I am thinking that new industries come about, in modern economies, more by division and greater articulation of existing industries, not by suddenly creating completely new products. And this can be seen in divisions and movements in industries in National Income and Product Accounts (NIPA). One might explore innovation over the last half-century or so by looking at the evolution of industry taxonomies in the NIPA.7.

4.0 Conclusion

This post suggests some research directions8. At this point, I do not intend to pursue either.

Footnotes
  1. Reviewers, several years ago, had three major objections to this paper. One was that I had to offer some suggestion why wage curves should be so straight. The other two were that I needed to offer a more comprehensive explanation of how to map from the raw data to the input-output tables I used and that I had to account for fixed capital and depreciation.
  2. John Kenneth Galbraith's The New Industrial State is a somewhat dated analysis of these themes.
  3. They also move outward.
  4. The web is not old. Tools like Glassfish, Tomcat, and JBoss, and their commercial competitors are neat.
  5. Such as Confidentiality, Integrity, and Availability; two-factor identification; Role-Based Access Control; taxonomies for vulnerabilities and intrusions; Public Key Infrastructure; symmetric and non-symmetric encryption; the Risk Management Framework (RMF) for Information Assurance (IA) Certification and Accreditation; and on and on.
  6. A SOC differs from a Network Operations Center. Operators of a SOC have to know about host-based and network-based Intrusion Detection, Security Incident and Event Management (SIEM) systems, Situation Awareness, forensics, and so on.
  7. One should be aware that part of the growth on the tracking of industries might be because computer technology has evolved. Von Neumann worried about numerical methods for calculating matrix inverses. Much bigger matrices are practical now.
  8. I do not think my ideas in Section 3 are expressed well.

Saturday, May 06, 2017

Distribution of Maximum Rate of Profits in Simulation

Figure 1: Blowup of Distribution of Maximum Rate of Profits

This post extends the results from my last post. I think of the results presented here as providing information about the implementation of my simulation. I do not claim any implications about actually existing economies. I did not have any definite anticipations about what I would see. I suppose it could be of interest to regenerate these results where coefficients of production are randomly generated from some non-uniform distribution.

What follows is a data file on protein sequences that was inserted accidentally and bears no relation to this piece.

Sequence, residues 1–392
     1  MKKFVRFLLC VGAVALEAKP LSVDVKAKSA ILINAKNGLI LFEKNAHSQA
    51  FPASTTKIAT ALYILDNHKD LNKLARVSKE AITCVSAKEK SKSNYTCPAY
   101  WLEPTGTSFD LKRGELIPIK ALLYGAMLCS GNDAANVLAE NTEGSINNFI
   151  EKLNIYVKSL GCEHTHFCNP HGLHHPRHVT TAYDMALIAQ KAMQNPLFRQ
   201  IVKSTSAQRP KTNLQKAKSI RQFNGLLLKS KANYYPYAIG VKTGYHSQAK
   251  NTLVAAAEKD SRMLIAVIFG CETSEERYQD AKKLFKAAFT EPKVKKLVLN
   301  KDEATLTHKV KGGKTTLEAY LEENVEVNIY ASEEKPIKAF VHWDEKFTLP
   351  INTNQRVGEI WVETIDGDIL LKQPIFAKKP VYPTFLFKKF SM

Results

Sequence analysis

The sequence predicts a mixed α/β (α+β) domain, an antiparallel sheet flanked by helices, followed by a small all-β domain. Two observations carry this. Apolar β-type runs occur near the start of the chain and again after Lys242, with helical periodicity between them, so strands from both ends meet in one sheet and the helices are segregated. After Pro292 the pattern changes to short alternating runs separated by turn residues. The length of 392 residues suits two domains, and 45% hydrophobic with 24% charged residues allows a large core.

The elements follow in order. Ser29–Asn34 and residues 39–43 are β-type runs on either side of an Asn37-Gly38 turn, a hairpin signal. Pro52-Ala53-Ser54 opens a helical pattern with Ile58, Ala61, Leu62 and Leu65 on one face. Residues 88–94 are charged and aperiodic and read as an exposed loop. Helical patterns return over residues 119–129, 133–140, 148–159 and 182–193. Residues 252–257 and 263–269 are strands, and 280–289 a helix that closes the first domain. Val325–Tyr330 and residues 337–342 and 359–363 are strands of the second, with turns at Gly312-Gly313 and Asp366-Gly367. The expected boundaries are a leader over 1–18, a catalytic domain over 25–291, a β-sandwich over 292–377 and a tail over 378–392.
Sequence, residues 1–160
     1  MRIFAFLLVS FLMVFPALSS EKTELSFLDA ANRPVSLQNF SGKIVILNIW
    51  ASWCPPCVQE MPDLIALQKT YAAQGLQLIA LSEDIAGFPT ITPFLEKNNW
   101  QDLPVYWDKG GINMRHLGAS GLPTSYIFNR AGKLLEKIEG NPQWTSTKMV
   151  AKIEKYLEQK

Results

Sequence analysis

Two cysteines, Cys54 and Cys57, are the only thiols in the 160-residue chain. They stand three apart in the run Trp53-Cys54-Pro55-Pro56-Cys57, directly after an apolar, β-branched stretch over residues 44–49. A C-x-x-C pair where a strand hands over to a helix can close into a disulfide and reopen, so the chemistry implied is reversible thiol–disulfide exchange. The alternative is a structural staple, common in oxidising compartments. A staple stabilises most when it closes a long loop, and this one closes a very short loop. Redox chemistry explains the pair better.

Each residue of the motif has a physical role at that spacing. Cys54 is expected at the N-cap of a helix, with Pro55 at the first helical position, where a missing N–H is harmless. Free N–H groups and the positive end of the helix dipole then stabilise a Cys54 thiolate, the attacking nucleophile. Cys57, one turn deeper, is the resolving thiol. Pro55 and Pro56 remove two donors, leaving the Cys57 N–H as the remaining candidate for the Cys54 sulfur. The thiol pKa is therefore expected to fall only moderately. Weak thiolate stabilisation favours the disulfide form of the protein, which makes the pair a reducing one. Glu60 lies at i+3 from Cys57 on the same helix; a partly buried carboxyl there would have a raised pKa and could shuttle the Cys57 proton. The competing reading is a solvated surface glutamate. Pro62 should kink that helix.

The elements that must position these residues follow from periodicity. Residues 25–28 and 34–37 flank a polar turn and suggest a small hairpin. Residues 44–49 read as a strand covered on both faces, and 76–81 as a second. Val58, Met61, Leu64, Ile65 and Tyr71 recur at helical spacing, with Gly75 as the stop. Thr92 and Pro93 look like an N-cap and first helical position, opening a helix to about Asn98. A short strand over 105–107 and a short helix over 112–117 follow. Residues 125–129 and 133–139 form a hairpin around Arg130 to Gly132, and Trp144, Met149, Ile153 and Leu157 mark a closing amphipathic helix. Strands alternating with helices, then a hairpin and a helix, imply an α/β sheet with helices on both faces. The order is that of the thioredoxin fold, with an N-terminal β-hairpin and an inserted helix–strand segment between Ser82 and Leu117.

I continue to use a capability to generate a random economy, where such an economy is characterized by a single technique. A technique is specified by a row vector of labor coefficients and a corresponding square Leontief input-output matrix. The labor coefficients are randomly generated from a uniform distribution on (0.0, 1.0]. Each coefficient in the Leontief input-output matrix is randomly generated from a uniform distribution on [0.0, 1.0). The random number generator is as provided by the class java.util.Random, in the Java programming language. I am running Java version 1.8.

Each random economy is tested for viability. Non-viable economies are discarded. Table 1 shows how many economies needed to be generated, given the number of produced commodities, to end up with a sample size of 300 viable economies. The maximum rate of profits is calculated for each viable economy. The maximum rate of profits occurs when the wage is zero, and the workers live on air. Thus, labor coefficients do not matter for the calculation of the maximum rate of profits.

Table 1: Number of Simulated Economies
Seed for
Random
Generator
Number of
Commodities
Number of
Economies
368,424,2342610
345,65736,124
4,566,8434826,471
547,5275> 231 - 1

I looked at the distribution of the maximum rate of profits, calculated as a percentage, in several ways. Figure 2 presents four histograms, superimposed on one another. Figure 1 expands the left tails of these histograms. I suppose Figure 2 is somewhat easier to make sense of than Figure 1, when you click on the image. Maybe the statistics in Tables 2 and 3 are clearer. One can see, for example, in random economies in which two commodities are produced, the mean of the maximum rate of profits is 43.9%. The minimum, in these 300 random economies, of the maximum rate of profits is about 0.03% and the maximum is 318%. If I wanted to be more thorough, I would have to review how skewness and kurtosis are calculated by default in the Java class org.apache.commons.math3.stat.descriptive.DescriptiveStatistics. The coefficient of variation is the ratio of the standard deviation to the mean. The nonparametric analogy, reported in the last row in Table 3, is the ratio of the Inter-Quartile Range to the median. Anyways, the distribution of the maximum rate of profits, in random viable economies generated by the simulation, is non-Gaussian and highly skewed, with a tail extending to the right.

Figure 2: Distribution of Maximum Rate of Profits

Table 2: Parametric Statistics
Number of Produced Commodities
TwoThree FourFive
Sample Size300300 300300
Mean43.915.7 8.284.95
Std. Dev.50.219.3 7.535.90
Skewness2.103.89 1.222.63